The Philippines' top court heard arguments on Tuesday for the legalisation of gay marriage, a historic first in the overwhelmingly Catholic nation.
Two same-sex couples denied licenses to wed urged the Supreme Court to strike down a 1987 law that states marriage must be between a man and a woman.
"When the right to marry, a decision so personal, so intimate and so life-changing, is denied to LGBT people, the state is not valuing their dignity," lawyer Jesus Falcis, who is also a co-plaintiff, told justices in Manila.
It took three years for the Supreme Court to schedule a hearing and the case will likely move at a glacial pace.
Judges will next hear from the government's lawyers, but the court does not set itself deadlines to issue rulings and cases sometimes take years to resolve.
Legal experts say the case is still highly significant.
"The decision will be landmark because the court has never pronounced on this," University of the Philippines law professor Antonio La Vina told AFP.
"Obviously, it would be even more landmark, more historic if they say marriage is not between a man and a woman."
Outside the court on Tuesday, about 20 members of Manila's LGBT community waved rainbow flags and lit multi-coloured candles in support of the petition.
Danton Remoto, founder of the LBGT political party Ang Ladlad (Out of the Closet) told AFP he welcomed the Supreme Court's hearing of the case.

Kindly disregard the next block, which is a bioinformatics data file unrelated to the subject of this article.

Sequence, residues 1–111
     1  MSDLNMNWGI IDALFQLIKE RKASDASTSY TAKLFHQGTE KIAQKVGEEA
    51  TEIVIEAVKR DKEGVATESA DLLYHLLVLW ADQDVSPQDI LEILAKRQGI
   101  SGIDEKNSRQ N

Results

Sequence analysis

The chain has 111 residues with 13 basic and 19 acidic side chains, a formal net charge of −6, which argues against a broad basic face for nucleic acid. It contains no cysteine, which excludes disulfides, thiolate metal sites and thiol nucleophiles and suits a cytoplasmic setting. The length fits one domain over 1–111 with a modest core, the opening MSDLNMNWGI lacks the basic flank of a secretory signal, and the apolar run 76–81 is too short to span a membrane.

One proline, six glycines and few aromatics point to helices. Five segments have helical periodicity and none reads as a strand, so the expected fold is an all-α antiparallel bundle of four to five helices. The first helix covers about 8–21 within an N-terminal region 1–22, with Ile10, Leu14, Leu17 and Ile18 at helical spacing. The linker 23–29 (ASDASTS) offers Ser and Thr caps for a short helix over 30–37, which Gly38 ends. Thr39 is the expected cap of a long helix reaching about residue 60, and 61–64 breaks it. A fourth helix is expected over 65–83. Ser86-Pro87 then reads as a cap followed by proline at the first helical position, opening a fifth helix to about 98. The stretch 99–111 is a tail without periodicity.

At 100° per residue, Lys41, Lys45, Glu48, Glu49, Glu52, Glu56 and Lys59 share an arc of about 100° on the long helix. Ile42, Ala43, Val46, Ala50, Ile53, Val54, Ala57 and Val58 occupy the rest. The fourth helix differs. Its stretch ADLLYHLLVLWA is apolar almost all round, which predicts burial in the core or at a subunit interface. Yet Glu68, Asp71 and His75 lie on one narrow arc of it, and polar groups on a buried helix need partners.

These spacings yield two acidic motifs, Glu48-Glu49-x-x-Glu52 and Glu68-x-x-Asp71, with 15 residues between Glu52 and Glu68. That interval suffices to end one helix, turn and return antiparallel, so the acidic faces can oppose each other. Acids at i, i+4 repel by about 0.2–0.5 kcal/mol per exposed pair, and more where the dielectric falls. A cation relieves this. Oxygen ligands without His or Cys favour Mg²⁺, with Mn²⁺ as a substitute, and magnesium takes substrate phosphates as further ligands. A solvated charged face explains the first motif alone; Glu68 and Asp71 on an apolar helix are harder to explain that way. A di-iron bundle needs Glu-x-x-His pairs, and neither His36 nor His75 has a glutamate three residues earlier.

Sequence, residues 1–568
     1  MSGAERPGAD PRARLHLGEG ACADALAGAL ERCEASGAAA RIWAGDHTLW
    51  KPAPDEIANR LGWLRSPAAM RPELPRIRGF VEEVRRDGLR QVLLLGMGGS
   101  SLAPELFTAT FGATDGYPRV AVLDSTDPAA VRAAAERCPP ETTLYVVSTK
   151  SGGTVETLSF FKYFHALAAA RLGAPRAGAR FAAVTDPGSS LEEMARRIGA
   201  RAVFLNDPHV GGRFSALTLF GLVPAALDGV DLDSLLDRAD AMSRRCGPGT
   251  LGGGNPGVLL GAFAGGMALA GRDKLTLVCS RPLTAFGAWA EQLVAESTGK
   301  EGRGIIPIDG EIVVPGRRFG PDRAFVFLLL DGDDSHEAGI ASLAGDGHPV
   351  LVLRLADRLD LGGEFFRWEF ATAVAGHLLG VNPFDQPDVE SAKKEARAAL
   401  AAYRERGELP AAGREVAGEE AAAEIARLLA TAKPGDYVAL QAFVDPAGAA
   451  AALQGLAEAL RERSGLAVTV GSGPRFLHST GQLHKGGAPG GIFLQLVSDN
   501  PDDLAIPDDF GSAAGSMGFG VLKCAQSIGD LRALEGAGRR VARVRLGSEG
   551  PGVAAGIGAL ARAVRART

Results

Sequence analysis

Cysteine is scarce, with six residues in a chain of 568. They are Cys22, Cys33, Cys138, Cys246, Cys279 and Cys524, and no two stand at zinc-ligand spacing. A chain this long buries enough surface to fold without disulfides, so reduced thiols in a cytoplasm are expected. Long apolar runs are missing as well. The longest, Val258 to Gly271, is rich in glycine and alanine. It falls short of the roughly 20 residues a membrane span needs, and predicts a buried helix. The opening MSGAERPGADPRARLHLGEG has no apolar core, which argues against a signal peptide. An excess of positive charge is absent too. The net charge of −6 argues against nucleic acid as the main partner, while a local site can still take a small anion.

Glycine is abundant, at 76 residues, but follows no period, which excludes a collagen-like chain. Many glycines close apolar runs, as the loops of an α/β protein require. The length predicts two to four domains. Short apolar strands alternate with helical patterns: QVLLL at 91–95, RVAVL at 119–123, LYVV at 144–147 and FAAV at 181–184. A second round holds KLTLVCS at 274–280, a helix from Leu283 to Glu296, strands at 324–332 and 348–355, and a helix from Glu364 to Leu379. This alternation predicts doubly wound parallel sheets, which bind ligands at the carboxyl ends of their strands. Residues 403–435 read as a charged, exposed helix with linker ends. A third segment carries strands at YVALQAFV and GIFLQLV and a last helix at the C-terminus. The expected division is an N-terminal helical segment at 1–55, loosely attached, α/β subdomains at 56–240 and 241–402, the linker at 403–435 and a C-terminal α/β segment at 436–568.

"A space has been opened up to discuss this case legally," Remoto added.
- Church v state -
The Philippines -- where 80 percent of a population of over 100 million is Catholic -- is the only place outside of the Vatican where divorce is outlawed. Abortion is also illegal, largely due to church influence.
However the plaintiffs may have an ally in President Rodrigo Duterte, who has expressed support for gay marriage but since backed off from a campaign trail pledge to legalise it.
"I am for same-sex marriage. The problem is, we'll have to change the law. But we can change the law," Duterte told a gathering of LGBT people in his southern home city of Davao in December last year.
The case comes as Duterte pushes back against the country's clergy, who are at odds with some of his key policies including a deadly drug war that has killed thousands.
In May, Duterte allies in the House of Representatives passed landmark divorce legislation, though it is unlikely to become law due to lack of support in the Senate.
Church leaders have fought efforts to legalise divorce, same-sex marriage and abortion, while losing a long battle against a state-funded free contraceptives law.